ANCHORAGE, Alaska (KTUU) — Most people like to think of themselves as unique. At the same time, it can be unnerving to find out that you may be different than everyone else, that you may think differently than a lot of the population.
It is that sort of revelation, sparked by a recent tweet, that drew serious attention online last month.
A Twitter user by the name of @KylePlantEmoji pointed out that while many people have an inner monologue, others do not.
Fun fact: some people have an internal narrative and some don't— Kyle �� (@KylePlantEmoji) January 27, 2020
As in, some people's thoughts are like sentences they "hear", and some people just have abstract non-verbal thoughts, and have to consciously verbalize them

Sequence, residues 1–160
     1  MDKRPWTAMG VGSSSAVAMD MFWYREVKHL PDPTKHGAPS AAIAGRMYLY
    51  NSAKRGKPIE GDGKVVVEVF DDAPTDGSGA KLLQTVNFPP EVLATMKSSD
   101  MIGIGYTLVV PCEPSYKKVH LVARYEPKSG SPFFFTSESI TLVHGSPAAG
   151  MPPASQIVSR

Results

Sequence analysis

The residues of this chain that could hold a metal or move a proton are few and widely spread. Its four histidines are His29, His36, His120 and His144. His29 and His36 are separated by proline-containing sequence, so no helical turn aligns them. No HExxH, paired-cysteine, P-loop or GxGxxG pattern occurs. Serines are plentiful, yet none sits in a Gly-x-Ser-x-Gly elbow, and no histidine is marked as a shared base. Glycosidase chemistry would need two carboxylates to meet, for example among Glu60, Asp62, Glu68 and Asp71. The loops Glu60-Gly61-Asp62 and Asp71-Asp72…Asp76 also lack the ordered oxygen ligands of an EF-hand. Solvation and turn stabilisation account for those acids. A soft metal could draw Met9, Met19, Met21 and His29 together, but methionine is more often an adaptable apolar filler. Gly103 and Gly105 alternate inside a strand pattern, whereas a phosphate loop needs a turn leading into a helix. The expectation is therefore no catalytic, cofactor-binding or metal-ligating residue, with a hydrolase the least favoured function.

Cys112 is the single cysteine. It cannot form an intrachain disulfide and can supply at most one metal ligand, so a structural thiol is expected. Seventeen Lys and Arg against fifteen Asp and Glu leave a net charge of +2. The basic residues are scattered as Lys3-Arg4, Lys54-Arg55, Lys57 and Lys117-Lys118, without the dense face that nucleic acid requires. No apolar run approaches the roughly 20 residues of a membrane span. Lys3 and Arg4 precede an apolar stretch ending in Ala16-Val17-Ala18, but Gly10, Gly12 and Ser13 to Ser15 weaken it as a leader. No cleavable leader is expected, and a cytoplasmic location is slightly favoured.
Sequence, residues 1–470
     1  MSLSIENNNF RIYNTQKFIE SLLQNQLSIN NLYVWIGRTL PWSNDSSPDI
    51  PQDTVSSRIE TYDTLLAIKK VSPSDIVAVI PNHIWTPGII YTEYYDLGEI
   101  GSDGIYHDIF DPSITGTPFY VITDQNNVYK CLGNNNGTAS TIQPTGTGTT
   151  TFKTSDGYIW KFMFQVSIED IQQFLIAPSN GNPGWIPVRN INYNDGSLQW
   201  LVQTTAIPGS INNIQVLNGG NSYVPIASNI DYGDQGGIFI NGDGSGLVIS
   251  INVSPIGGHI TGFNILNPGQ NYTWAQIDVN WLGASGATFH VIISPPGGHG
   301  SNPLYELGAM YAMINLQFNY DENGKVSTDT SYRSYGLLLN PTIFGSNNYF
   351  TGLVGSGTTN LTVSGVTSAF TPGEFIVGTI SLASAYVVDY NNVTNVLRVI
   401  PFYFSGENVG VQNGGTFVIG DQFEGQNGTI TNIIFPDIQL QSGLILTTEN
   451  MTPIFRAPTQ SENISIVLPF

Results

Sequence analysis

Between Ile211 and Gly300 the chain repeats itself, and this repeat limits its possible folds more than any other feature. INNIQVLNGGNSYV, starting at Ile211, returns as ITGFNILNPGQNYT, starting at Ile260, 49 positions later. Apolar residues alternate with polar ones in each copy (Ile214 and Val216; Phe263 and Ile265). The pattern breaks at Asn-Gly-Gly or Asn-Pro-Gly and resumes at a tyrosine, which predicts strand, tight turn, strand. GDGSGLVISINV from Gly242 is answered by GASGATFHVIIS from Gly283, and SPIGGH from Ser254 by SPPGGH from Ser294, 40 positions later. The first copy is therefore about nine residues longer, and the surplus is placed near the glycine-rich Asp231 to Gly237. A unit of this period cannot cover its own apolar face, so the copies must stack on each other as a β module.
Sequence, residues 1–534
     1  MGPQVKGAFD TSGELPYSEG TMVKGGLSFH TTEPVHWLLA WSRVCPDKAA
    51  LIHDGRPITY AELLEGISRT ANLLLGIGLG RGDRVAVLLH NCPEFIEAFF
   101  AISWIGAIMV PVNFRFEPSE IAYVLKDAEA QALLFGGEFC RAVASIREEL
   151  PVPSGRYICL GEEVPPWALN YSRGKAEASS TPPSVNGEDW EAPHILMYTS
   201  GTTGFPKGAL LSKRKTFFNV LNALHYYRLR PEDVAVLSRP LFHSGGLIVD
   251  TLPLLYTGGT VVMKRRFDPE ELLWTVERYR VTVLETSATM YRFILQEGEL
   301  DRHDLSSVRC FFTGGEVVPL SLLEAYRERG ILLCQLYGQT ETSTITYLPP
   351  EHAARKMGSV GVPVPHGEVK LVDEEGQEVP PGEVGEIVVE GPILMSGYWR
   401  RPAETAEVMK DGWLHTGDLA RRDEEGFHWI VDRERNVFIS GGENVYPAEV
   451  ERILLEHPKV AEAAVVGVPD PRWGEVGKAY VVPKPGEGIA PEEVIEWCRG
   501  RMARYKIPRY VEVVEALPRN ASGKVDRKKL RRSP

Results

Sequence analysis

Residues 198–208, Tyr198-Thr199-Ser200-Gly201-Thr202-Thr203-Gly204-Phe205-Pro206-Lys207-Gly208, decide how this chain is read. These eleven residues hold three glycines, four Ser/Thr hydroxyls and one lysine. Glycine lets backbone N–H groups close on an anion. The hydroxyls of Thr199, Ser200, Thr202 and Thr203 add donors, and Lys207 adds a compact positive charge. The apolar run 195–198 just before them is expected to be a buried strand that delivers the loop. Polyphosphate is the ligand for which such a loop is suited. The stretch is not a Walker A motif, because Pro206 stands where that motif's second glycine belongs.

And most people aren't aware of the other type of person
While this isn't exactly breaking news scientifically, it's still surprising news to many of the of people who encountered the tweet. The post quickly drew attention as more than 168,000 people liked the tweet and more than 26,000 retweeted it.
To better understand the inner monologue, I spoke with Professor Robert Boeckmann from the psychology department at UAA who says part of the reason the tweet was so surprising to so many is because of an assumption we all make that others see the world the same way we do.
"The primary thing to point out here is first of all, that we tend to assume that everyone experiences reality the same way that we do, and that's the basis of the shock that's making this thing go viral."
Now that we've established two major ways of thinking, "inner monologue" and "abstract thought," the only remaining question is to determine...which one are you?
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